Home > News > Microsoft joins Apple, Samsung and Sony in smartwatch race [Rumor]

Microsoft joins Apple, Samsung and Sony in smartwatch race [Rumor]

Microsoft is rumored to also have a “watch-style device” in the works.  This latest bits only adds to the already growing speculation that “smartwatch” is the next big thing in consumer tech.

According to WSJ, Microsoft has contacted its supplier in Asia to obtain some components that may fit in with what the Redmond-based company has in mind for their version of a smartwatch.  The rumor is still fresh off the tongue of the sources, so it’s very unlikely that there is an actual concept or prototype of a Microsoft smartwatch.

Nevertheless, the addition of Microsoft into the smartwatch race should make things a lot more interesting as major firms like Apple and Samsung have both either confirmed or also rumored to be in the process of developing a computerized wrist wear.

While Apple is notorious for not spilling any bits about what’s going on in the lab, Samsung isn’t so stingy about their product development.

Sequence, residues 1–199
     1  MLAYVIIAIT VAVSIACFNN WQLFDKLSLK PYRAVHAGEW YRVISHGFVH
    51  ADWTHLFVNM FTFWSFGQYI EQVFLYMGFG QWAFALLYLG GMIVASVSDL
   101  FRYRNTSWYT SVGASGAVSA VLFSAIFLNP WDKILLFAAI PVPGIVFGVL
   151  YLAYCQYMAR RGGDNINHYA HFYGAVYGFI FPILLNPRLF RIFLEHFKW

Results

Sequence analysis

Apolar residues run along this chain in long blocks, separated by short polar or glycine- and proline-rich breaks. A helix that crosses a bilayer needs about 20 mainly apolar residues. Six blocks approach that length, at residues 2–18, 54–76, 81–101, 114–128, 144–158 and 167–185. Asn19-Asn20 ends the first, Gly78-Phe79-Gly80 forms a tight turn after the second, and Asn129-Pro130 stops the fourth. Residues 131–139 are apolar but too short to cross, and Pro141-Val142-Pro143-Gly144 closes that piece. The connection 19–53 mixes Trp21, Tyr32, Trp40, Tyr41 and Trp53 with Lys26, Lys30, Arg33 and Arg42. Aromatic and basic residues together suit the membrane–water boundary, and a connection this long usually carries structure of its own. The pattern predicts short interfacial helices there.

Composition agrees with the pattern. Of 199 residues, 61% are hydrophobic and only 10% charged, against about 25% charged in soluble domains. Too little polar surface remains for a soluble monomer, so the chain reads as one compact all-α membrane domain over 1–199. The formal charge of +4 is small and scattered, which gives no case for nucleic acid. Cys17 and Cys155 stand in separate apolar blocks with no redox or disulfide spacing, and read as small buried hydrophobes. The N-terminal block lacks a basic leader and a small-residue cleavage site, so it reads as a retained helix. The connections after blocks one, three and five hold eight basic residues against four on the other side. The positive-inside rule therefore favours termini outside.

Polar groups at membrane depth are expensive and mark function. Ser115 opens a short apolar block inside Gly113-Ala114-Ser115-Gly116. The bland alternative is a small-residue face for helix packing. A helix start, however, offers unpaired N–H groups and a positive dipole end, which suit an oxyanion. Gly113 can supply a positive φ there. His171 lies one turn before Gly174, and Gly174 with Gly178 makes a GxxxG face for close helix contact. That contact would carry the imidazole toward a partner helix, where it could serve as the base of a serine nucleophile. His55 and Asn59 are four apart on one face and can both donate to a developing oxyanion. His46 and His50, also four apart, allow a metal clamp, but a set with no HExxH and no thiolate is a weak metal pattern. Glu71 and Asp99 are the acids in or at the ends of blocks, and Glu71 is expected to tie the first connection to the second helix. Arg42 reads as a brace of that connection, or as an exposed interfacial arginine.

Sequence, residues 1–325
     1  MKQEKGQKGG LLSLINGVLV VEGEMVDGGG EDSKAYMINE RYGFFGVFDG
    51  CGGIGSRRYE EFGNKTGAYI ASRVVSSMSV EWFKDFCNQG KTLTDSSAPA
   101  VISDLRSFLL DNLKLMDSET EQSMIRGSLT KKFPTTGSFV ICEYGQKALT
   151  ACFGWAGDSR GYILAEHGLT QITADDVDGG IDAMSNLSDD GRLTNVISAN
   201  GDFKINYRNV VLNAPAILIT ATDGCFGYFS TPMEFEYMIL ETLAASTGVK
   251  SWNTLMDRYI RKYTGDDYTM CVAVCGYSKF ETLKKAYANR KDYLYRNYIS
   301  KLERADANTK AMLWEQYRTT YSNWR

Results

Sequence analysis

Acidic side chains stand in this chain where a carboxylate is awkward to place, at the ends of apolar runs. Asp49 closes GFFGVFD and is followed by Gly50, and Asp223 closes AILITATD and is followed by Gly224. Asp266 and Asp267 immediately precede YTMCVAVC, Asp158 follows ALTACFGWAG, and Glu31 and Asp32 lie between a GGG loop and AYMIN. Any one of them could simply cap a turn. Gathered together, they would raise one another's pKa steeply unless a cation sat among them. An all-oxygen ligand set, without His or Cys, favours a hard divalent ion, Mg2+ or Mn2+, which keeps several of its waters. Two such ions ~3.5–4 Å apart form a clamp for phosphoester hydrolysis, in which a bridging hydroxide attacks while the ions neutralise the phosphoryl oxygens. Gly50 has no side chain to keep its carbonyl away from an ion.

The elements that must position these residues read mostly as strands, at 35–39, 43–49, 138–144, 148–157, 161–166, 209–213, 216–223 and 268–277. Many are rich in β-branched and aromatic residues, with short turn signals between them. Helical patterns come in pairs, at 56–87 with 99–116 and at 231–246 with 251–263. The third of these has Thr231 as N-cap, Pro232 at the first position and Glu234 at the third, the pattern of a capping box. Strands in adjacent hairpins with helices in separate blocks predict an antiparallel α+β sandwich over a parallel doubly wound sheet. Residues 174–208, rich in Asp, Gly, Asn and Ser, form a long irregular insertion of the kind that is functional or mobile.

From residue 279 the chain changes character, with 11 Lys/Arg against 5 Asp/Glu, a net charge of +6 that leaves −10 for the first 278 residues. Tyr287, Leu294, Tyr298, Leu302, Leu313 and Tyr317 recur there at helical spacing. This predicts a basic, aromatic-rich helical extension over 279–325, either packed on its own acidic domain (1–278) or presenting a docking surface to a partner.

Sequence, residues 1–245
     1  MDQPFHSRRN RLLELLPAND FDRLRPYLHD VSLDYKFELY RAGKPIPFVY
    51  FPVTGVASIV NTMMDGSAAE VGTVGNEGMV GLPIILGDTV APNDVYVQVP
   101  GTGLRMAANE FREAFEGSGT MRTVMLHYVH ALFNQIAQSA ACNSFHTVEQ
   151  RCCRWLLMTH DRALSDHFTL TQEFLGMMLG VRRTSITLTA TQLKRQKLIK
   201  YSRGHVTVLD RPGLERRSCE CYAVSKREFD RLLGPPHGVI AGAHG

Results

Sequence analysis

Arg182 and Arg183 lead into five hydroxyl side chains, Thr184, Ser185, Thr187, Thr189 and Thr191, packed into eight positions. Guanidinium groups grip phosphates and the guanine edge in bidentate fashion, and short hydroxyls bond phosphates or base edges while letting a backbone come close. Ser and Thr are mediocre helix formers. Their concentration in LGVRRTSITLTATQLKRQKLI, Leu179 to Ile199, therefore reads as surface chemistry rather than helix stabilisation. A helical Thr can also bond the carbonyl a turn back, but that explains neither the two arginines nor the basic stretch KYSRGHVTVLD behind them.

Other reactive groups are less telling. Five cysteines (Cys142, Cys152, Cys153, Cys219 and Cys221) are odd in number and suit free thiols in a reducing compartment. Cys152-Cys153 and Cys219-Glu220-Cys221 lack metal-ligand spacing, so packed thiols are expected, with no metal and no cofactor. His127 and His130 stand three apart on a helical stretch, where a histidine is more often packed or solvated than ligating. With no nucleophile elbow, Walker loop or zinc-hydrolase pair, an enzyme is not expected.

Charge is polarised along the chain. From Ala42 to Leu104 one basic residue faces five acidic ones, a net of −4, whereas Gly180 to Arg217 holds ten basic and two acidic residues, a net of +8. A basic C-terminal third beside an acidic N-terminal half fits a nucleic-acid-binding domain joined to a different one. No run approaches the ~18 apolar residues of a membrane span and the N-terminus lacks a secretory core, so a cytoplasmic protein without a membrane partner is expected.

“We’ve been preparing the watch product for so long,” said Lee Young Hee, an exec for Samsung’s mobile division. “We are working very hard to get ready for it.  We are preparing products for the future, and the watch is definitely one of them.”

With all the news about smartwatches circulating, it’s easy to forget that another tech juggernaut has also thrown in its bid for a piece of the next-gen pie.  Sony released its own smartwatch several months back, and although the Japanese’s smart wrist wear didn’t catch fire like it would’ve wanted it to, it only goes to show that a very heated battle for market share has already begun.

It is also worth noting that some startups have already gained some traction in the smartwatch business, with Pebble being one of the most highly publicized.  The crowdfunded Pebble watch costs $150, and is essentially an add-on to smartphones instead of a standalone computer.  Hence, it is speculated that Apple and company are attempting to cram as much smartphone features into a watch as they can, and, therefore, shifting consumer interests from smartphones to “smartwatches.”

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